Dich, Nadya and Stacey N. Doan. “Moderate Emotional Reactions to Stressful Life Events are Associated with Lowest Risk of Increased Alcohol Consumption: Evidence from the Whitehall II Study.” European Journal of Public Health, vol. 29, issue 4, 2019, pp. 754-758.
Background: Research investigating the associations between stress-related negative emotions and alcohol consumption often assumes a linear dose-response relationship. Based on the current theories of emotions, we questioned this assumption and hypothesized that both very low and very high levels of negative emotional response (NER) to stressful life events are related to increased alcohol consumption. Methods: We used data from Phases 1 (1985-88) and 2 (1989-90) of the British Whitehall II study. At both phases, participants reported on their alcohol consumption, recent stressful events and the NER to the events. Two thousand and sixteen participants without recent stressful events at baseline were selected. Logistic regression was used to model the association between emotional response at baseline and increased frequency of alcohol consumption between the two phases. Results: The likelihood of increased alcohol consumption increased with the number of recent stressful events. Among participants with at least one event, 17% increased alcohol consumption, compared with 14% of those who reported no events. Participants with average NER were at lowest risk (14%) of increasing alcohol consumption after major life events. Those with highest NER were significantly more likely to increase alcohol consumption (20%) than those with average NER, but the difference between those with highest NER and those with lowest NER (17%) was not statistically significant. Conclusions: Increases in alcohol consumption following stressful events are least likely if people experience moderate levels of NER to events. Negative emotions in moderate doses should not be regarded as a risk factor for unhealthy behaviours, but rather a potentially protective factor.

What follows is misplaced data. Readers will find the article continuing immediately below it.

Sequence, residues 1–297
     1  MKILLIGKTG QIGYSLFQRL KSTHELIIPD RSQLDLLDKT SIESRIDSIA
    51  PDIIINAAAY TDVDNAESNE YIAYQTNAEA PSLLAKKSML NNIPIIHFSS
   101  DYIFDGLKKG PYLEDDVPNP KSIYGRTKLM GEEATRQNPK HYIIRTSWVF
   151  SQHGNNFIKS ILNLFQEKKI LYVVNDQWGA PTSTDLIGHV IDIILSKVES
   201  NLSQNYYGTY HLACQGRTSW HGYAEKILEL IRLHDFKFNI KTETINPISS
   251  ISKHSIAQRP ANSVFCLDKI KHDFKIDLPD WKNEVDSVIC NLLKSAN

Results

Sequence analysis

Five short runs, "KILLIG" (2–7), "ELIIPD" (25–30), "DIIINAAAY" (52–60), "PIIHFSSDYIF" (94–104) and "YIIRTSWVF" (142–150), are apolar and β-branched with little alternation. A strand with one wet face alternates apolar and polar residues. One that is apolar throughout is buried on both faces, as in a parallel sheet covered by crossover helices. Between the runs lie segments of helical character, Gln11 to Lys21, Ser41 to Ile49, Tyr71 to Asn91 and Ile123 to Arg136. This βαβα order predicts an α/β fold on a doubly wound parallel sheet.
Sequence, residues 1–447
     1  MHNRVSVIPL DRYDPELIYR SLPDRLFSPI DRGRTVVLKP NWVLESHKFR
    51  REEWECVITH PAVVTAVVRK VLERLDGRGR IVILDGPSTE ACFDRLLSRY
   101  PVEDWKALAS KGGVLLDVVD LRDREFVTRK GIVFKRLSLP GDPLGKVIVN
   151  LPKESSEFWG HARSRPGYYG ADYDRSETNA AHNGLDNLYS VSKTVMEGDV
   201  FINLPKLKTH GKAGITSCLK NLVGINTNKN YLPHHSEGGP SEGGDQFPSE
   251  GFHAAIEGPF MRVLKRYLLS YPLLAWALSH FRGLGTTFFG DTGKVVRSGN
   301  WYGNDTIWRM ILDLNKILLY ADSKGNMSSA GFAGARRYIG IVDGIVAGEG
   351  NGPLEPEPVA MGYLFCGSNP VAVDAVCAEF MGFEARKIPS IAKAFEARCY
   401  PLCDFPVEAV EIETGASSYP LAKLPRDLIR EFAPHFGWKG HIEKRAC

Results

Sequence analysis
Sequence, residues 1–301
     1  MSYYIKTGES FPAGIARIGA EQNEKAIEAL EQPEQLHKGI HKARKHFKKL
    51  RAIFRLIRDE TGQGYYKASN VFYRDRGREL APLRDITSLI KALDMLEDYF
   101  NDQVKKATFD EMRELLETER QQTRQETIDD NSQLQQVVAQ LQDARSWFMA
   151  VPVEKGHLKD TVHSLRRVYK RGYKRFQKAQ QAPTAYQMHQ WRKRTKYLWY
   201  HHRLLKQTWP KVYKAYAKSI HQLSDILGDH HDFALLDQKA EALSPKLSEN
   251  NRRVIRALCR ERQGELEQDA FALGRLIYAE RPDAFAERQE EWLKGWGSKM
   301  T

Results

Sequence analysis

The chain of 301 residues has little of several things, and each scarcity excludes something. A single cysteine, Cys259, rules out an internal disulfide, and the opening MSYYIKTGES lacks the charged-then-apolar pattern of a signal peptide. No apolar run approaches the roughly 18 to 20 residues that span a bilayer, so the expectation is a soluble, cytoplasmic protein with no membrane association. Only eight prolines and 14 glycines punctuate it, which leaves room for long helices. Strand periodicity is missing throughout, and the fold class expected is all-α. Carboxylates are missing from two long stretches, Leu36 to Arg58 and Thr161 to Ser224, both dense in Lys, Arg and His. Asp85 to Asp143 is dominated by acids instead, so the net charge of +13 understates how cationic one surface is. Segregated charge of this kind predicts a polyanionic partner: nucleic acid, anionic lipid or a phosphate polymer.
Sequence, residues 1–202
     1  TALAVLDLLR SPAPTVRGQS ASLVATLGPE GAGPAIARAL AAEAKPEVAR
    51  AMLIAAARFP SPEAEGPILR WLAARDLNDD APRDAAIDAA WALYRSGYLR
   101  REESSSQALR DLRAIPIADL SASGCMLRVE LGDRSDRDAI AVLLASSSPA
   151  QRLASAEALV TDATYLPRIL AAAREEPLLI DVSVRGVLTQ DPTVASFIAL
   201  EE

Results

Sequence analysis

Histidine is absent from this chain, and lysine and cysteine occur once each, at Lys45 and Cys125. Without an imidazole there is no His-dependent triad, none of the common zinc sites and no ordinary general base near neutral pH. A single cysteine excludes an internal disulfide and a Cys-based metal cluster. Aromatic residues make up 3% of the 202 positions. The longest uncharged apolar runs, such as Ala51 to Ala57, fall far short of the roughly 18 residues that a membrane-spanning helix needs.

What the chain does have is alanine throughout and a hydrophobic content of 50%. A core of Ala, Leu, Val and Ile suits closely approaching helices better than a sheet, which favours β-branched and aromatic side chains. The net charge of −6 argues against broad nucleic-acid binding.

Doan, Stacey N., Nadya Dich, Thomas E. Fuller-Rowell, and Gary W. Evans. “Externalizing Behaviors Buffer the Effects of Early Life Adversity on Physiologic Dysregulation.” Scientific Reports, vol. 9, 2019, 13623.